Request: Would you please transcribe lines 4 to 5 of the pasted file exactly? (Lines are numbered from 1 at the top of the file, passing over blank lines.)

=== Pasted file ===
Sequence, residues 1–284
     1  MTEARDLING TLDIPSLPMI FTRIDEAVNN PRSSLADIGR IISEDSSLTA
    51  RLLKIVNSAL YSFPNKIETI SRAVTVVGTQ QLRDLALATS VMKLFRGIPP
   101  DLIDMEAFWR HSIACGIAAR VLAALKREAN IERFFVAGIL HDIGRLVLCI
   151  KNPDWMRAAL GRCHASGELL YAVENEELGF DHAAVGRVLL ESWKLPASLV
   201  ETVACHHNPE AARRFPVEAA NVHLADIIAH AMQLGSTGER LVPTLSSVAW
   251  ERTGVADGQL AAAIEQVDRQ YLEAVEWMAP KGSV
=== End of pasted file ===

   101  DLIDMEAFWR HSIACGIAAR VLAALKREAN IERFFVAGIL HDIGRLVLCI
   151  KNPDWMRAAL GRCHASGELL YAVENEELGF DHAAVGRVLL ESWKLPASLV